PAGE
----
Experts emphasize that the best thing anyone can do for someone who seems unusually depressed or is showing other warning signs of suicide is to initiate a conversation, and that showing up at all is important regardless of whether you say exactly the right thing. If you want to ask a loved one if he or she is feeling suicidal, here’s what to keep in mind as you get started.

    Don’t be afraid to start the conversation. “People think that by asking [if someone is suicidal], they’re suggesting suicide,” Turner says. But the vast majority of suicide-related research—including a comprehensive literature review published in 2014—suggests that open conversations about suicide are unlikely to increase suicidal ideation and may actually decrease it.

    You don’t have to use terms specific to suicide or self-harm if they make you uncomfortable, Turner says. Often, it’s easier to start by pointing out other possible warning signs—withdrawal from normal activities, for instance, or frequent crying spells—as a way to open the door to a larger conversation without jumping directly into questions about suicide.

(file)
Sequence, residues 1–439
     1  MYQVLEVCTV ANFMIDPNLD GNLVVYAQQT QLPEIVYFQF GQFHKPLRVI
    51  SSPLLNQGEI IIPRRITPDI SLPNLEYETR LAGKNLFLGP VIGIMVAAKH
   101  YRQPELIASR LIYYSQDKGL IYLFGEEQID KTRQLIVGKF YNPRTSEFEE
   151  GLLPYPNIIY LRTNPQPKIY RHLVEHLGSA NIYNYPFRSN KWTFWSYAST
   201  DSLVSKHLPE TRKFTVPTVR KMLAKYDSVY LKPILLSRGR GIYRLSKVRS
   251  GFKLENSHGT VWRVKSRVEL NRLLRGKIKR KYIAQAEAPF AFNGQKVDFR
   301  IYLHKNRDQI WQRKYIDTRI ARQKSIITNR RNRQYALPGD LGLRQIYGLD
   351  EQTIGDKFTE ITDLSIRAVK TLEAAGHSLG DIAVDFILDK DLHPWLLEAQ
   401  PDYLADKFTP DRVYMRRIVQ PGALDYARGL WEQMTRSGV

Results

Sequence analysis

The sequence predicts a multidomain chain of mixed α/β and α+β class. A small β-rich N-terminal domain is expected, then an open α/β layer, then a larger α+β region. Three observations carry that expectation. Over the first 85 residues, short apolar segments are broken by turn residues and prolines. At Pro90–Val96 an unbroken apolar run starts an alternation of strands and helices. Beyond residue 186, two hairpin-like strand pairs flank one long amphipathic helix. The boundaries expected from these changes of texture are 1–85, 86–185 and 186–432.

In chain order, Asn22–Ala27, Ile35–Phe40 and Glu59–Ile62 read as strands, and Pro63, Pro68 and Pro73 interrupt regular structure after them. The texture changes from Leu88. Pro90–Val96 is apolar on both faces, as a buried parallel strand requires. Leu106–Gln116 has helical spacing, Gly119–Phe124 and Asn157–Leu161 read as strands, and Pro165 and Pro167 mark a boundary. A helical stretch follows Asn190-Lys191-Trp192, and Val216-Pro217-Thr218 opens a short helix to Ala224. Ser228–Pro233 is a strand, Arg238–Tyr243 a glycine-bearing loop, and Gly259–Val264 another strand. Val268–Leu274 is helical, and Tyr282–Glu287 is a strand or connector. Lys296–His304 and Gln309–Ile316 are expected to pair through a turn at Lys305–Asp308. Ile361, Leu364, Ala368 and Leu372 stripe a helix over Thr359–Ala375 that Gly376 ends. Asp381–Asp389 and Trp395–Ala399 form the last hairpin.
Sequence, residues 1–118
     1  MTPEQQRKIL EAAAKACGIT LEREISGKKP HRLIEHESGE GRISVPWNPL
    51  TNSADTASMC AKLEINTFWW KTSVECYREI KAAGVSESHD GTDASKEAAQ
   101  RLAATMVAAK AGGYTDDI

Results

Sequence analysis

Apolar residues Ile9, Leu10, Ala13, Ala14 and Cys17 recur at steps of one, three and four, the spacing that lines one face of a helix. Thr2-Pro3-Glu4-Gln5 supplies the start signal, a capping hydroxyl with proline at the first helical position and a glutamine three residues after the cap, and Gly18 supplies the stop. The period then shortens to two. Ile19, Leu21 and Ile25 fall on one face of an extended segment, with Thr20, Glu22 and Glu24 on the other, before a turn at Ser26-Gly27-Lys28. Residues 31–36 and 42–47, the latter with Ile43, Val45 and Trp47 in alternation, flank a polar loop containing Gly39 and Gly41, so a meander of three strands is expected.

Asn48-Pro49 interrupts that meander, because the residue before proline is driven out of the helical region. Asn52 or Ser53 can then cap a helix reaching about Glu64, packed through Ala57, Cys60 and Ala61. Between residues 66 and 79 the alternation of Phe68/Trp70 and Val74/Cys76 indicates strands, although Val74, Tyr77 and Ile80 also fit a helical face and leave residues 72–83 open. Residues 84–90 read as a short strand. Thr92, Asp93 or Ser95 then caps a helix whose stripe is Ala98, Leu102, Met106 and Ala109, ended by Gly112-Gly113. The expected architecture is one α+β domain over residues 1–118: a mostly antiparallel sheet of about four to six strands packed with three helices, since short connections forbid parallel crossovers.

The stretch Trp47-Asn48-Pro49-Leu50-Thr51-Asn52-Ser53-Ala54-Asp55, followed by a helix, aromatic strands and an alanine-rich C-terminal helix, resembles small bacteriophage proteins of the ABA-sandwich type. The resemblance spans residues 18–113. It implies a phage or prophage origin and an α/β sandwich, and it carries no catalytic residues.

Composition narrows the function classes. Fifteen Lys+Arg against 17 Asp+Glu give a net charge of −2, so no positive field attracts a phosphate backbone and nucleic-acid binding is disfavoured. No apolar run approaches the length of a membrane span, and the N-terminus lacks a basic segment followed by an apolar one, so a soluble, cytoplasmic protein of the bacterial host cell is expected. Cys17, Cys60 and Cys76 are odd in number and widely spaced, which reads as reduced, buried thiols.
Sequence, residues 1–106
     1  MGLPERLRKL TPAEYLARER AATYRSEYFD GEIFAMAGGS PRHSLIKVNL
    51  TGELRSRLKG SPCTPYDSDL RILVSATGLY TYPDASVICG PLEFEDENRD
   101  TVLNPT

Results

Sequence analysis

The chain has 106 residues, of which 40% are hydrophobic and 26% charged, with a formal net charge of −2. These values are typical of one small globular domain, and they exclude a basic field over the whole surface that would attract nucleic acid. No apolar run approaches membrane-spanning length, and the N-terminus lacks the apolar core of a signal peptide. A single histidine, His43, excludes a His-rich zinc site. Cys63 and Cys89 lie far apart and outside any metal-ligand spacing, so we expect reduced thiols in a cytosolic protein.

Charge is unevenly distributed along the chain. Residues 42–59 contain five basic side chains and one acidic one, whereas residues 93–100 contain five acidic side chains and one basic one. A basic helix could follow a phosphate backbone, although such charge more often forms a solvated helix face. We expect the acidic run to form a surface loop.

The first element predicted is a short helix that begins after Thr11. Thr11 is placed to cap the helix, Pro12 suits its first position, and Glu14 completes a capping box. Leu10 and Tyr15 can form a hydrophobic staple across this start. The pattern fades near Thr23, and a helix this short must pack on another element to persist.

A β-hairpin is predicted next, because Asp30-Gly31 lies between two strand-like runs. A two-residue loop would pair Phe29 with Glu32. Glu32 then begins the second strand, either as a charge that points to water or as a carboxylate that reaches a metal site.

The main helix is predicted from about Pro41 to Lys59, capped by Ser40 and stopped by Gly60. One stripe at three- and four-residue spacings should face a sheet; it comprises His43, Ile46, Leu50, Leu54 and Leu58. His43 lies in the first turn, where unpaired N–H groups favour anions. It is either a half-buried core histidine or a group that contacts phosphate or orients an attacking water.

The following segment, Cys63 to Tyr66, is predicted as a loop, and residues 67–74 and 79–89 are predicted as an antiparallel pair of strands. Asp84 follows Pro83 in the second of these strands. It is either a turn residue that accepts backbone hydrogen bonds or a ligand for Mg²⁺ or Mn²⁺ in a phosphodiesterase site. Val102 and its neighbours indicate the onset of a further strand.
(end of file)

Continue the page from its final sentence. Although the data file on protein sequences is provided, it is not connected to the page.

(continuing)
“Not talking about it reinforces that it’s not OK to talk about,” says Elana Premack Sandler, an associate professor at Simmons School of Social Work. “If someone is thinking about suicide, and no one asks them about it, there may be no one to whom they feel safe raising the topic. Not bringing the idea of suicide to the surface maintains silence,” which increases overall risk, she says.